Insurance service, Zebra, uses landing pages for a similar purpose. Instead of offering a quote themselves, they let visitors compare quotes across various providers:
Whatever you decide to offer, make sure it’s so irresistible that it’ll be difficult for your target audience to pass by.
For example, this CTA below for a training has all the elements of an irresistible offer.
For the price of $19.99, you get a $65.97 worth of book, Mindmap, and checklist. The final price is even less than the cost of the training.
4. Trust indicators
A perfect Landing Page makes good use of elements that tell the users the offer and brand are trustworthy.
Trust indicators can come in different forms.
One of the most popular types of trust is the comments or testimonial.
Testimonials or comments serve as “social proof” to improve lead-gen. They capitalize on word-of-mouth to reassure users with endorsements from past customers, as you can see from the screenshot below:
At TheEssentialTools.Com, I use Facebook comments for social proof. This Landing Page has 240 comments… Not bad…
Similarly, another powerful trust indicator you’ll often find on landing pages that convert is the trust badge.
Trust badges refer to the logos and trademarks of famous or popular brands you’ve worked with in the past. They serve as endorsements of your trustworthiness and expertise.
5. Eye-catching graphics
Eye-catching graphics can emotionally compel visitors to take your desired action, and they create a better user experience. According to Content Marketing Up, about 40 percent of people respond better to visual information than to the regular text.
Neil Patel tested this with a hand-crafted illustration for his About page and saw tremendous results in conversion.
Neil Patel about me
Here is the truth: The brain processes images 60,000 times faster than plain text that’s why an image is worth 1,000 words. Your visitors will be drawn to the graphics on your landing page immediately.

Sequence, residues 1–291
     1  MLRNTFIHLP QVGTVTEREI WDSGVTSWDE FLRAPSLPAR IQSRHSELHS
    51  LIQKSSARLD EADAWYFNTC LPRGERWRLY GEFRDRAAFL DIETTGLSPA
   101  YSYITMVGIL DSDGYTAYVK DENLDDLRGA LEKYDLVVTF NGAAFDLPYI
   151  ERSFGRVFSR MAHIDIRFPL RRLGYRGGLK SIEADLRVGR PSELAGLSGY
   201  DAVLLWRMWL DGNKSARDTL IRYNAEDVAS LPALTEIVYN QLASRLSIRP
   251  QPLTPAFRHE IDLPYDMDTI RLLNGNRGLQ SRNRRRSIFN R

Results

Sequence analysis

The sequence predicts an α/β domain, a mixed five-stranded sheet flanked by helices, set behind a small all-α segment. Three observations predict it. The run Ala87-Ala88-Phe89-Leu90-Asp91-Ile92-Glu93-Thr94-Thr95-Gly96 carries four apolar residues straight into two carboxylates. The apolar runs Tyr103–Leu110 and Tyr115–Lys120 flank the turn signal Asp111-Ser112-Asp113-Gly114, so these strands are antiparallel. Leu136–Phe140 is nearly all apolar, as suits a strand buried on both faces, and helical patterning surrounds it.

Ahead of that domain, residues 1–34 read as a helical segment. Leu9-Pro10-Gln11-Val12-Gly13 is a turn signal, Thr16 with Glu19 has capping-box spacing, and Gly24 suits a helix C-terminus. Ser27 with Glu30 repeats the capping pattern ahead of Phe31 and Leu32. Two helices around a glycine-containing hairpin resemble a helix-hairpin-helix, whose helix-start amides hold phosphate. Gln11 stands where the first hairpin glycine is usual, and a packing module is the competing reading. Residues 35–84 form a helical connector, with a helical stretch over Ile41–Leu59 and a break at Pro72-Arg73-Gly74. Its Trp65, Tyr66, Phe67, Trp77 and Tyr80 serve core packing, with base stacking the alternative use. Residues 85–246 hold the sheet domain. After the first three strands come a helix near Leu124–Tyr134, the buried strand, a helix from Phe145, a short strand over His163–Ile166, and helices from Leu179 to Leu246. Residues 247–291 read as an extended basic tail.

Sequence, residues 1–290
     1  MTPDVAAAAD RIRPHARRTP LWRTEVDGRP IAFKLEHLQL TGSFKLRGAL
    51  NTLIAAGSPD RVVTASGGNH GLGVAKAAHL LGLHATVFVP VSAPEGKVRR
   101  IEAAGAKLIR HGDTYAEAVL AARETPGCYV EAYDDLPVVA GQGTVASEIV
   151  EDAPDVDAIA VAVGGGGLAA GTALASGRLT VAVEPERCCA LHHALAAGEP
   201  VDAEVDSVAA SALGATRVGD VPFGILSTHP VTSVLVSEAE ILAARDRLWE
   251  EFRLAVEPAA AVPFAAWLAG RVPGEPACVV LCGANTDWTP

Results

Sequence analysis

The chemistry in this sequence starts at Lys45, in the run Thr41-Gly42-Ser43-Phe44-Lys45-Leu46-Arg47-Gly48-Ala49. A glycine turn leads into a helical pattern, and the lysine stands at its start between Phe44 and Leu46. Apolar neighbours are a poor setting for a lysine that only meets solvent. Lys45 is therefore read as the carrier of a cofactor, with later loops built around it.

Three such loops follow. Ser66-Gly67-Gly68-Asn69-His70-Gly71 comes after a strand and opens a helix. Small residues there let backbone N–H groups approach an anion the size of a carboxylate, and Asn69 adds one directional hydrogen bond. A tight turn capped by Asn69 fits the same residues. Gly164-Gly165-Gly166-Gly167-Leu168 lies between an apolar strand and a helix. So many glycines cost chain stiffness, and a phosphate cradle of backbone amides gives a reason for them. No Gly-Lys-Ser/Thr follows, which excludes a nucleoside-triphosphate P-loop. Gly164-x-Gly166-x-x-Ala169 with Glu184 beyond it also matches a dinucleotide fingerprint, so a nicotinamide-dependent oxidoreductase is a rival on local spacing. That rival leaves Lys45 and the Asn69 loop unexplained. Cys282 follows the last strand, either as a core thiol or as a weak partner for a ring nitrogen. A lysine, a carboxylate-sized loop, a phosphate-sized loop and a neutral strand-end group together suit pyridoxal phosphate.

So make it appealing and use high-quality visuals.
When you’re considering what type of image you should use on your landing page, keep the following in mind:
Images should be highly relevant to the offer. For example, if you sell physical products, your landing page should contain a picture of the product
If you’re offering a service, then the primary aim of the image should be to capture attention—and demonstrate relevance to the service
Ensure that all images are high-quality
**Note: ** Avoid using stock photos on your landing page. Why? Because hundreds of other websites are already using them. Use your own photos when possible.
An excellent example of a company that’s leveraging graphics properly is Basecamp. The website uses hand-drawn illustrations to show the functionality of their product and to help explain it better. As you can see in the screenshot below, these photos are fun and attention-grabbing.
We’ve been expecting you basecamp landing page
Even if you are new to Internet Marketing, you need to know what a CTA is. A CTA is a “Call To Action.”
You can have the best Landing Page, the best pitch and the best product at the best price, but if you don’t have a CTA, then you have no bottom line.
A CTA is regularly in for of a button that leads to a shopping cart. The CTA button requires its very own place because just like the 5 other elements mentioned here, it’s critical to get this right on your landing page.
Your CTA button must stand out from the rest of the Landing Page elements, graphics, and color. In other words, it needs to stand-out and should not be part of the upholstery.
It needs to be “in-your-face.”
For example, take a closer look at these two buttons below. Regardless of your color preference, which of them jumps out at you more?
The first is undoubtedly an action color, while the second blends in with the page.
Marketers use action colors on their CTAs to catch the prospect’s attention and draw them towards the desired goal (i.e., to click the button).
Now you know about the 6 most important elements of your Landing Page, but do you know it all? I have a Landing Page training that you can check here.
Additionally, if you are unsure how to do a Landing Page, or you don’t have the time to do it, I can do it for you.
Let me know below if that’s something you are interested in…